The Chinese Army transgressed into the Indian territory thrice in August in Uttarakhand, as reported by news agency ANI on Wednesday quoting sources. This comes after a report in August that a group of Chinese Army personnel had intruded into the Demchok area in eastern Ladakh.
According to the ANI report on Wednesday, the People's Liberation Army (PLA) transgressed the Line of Actual Control (LAC) and crossed over as far as four kilometres into the Indian Territory in Barahoti village in the Chamoli district of the state.
Similar incidents occurred in July 2017 when Chinese troops ventured up to a kilometre into Indian Territory in Barahoti. This area also witnessed aerial transgressions and infiltration by foot patrols in 2013 and 2014.
Speaking on transgressions along the LAC by the PLA, General Officer Commanding-in-Chief (GOC) Northern Command, Lt Gen Ranbir Singh earlier this year said, it "took place in areas where we have different perception of the Line of Actual Control," adding that India and China have well-established mechanisms, especially at the highest level, where special representatives from both the countries discuss issues related to the resolution of the boundary dispute.
LAC is a 4,057-km porous border between India and China and runs through glaciers, snow deserts, mountains and rivers.
Earlier in August, a group of Chinese Army personnel transgressed around 300 metres into the Demchok area and pitched four tents. Officials said the Chinese troops came to the Indian side of the border in the garb of nomads and pitched the tents.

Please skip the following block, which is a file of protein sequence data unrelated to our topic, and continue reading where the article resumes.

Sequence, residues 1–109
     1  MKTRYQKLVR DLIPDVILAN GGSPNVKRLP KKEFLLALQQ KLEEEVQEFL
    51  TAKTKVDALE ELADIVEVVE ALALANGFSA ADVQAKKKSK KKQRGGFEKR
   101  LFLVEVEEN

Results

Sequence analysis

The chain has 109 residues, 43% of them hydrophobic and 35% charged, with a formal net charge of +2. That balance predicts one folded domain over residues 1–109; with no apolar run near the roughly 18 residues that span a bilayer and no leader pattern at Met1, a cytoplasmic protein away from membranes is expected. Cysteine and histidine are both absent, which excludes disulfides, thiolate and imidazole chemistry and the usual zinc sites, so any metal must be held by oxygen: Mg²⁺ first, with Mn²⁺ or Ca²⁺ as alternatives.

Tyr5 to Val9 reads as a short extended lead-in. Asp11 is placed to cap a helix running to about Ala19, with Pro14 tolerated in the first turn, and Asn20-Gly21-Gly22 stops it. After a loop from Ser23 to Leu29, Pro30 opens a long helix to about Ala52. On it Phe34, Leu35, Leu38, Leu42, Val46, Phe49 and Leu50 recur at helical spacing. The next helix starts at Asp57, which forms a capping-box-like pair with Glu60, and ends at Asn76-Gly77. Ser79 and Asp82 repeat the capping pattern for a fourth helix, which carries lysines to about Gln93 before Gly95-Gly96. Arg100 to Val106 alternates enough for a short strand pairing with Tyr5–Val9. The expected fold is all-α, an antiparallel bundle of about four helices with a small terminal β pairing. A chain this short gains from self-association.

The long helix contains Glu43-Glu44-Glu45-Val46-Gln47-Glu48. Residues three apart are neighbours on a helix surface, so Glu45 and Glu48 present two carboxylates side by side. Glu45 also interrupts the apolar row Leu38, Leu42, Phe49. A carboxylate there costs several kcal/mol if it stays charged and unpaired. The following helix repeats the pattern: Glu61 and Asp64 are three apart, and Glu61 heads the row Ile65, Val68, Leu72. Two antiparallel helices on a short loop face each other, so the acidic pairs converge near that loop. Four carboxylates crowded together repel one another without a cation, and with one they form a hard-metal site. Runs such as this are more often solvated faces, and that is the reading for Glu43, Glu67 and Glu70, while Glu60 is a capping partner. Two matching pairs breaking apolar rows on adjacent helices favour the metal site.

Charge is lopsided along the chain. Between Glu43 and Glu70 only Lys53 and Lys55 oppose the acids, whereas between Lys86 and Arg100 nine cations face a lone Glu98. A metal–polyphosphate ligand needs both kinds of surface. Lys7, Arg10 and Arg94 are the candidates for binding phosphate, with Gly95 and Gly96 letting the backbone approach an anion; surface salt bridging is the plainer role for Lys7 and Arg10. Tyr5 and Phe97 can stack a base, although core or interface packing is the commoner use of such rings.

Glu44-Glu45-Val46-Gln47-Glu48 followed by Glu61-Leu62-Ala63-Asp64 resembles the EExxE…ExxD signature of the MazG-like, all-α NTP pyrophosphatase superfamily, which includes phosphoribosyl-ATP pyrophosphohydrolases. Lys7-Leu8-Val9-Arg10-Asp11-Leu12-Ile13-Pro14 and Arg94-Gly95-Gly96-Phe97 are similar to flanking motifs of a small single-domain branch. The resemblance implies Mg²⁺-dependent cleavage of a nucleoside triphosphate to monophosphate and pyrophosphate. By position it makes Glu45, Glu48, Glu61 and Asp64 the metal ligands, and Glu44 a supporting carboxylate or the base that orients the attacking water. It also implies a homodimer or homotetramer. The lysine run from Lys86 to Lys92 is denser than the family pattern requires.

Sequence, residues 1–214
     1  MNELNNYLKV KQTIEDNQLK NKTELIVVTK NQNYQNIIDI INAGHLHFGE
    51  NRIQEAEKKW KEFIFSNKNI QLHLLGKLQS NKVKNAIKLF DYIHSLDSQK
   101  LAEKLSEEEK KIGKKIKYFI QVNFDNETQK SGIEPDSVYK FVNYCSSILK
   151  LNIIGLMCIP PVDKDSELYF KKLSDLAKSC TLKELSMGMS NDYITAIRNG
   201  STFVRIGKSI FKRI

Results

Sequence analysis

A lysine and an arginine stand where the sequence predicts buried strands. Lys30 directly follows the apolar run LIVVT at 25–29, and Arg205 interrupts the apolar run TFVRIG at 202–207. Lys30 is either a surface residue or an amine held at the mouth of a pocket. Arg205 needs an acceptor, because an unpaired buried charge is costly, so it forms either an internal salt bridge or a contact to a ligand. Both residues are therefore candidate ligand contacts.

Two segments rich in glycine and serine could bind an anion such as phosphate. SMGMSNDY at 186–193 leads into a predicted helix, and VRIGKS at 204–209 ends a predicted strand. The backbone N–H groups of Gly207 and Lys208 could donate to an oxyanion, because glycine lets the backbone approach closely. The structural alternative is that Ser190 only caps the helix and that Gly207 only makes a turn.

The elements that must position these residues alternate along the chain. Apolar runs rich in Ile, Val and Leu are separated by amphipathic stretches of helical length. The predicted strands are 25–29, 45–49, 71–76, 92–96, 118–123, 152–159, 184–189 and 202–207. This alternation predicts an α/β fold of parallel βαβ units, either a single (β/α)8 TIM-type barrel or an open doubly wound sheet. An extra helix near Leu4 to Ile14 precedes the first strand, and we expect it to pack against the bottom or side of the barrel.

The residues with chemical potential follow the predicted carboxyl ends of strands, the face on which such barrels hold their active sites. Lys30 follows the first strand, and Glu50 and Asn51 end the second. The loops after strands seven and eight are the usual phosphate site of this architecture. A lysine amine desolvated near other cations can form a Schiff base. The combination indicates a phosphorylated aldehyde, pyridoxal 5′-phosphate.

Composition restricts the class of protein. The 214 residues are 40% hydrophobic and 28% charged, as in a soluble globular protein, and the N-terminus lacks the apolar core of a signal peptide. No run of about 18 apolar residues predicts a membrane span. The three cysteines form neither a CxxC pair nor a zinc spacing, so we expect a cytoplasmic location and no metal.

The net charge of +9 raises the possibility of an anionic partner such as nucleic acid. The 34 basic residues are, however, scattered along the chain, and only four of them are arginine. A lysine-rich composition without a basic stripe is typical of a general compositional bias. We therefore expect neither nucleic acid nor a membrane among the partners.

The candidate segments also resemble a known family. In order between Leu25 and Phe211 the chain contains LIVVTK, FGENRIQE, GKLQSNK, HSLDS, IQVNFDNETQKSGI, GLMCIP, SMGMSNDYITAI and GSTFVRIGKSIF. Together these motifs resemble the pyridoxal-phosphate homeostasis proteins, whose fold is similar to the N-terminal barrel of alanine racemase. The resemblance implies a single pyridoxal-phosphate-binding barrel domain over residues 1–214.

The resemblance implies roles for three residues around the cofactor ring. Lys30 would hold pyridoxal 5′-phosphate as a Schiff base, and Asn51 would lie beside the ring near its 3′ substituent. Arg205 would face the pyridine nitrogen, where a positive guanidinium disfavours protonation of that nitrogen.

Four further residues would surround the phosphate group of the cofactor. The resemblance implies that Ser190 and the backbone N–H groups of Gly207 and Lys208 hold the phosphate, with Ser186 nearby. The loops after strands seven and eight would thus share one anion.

The transgression took place in the first week of July and days later, four out of the five tents were removed by the Chinese troops after the Indian side officially took up the matter with their local commander.
The sources said such transgressions are not unusual and that all such incidents are taken up at the appropriate level with the Chinese authorities. India and China share a nearly 4,000-km-long border.
The number of transgressions by the Chinese Army into the Indian territory rose to 426 in 2017 from the 273 in 2016, according to official figures.
The latest incident of intrusion came nearly a year after Indian and Chinese troops were locked in a 73-day standoff in Doklam. The face-off had started on June 16 and ended on August 28, 2017 when the Chinese stopped building road in the disputed trijunction of the Doklam shared between India, China and Bhutan.
India shares a long border of 4,057 kilometres which is termed as the Line of Actual Control (LAC) divided into three sectors viz the Northern, Middle and Eastern sectors starting from the state of Jammu and Kashmir to the eastern state of Arunachal Pradesh. The issue of the borders remains disputed as the Chinese perception differs from the position of the borders as claimed by India.
In April 2018, the two leaders of India and China had got together in Wuhan Province for an informal meeting where both Prime Minister Narendra Modi and his Chinese counterpart Xi Jinping had expressed their support for the work of the Special Representatives on the India-China Boundary Question and had urged them to intensify their efforts to seek a fair, reasonable and mutually acceptable settlement.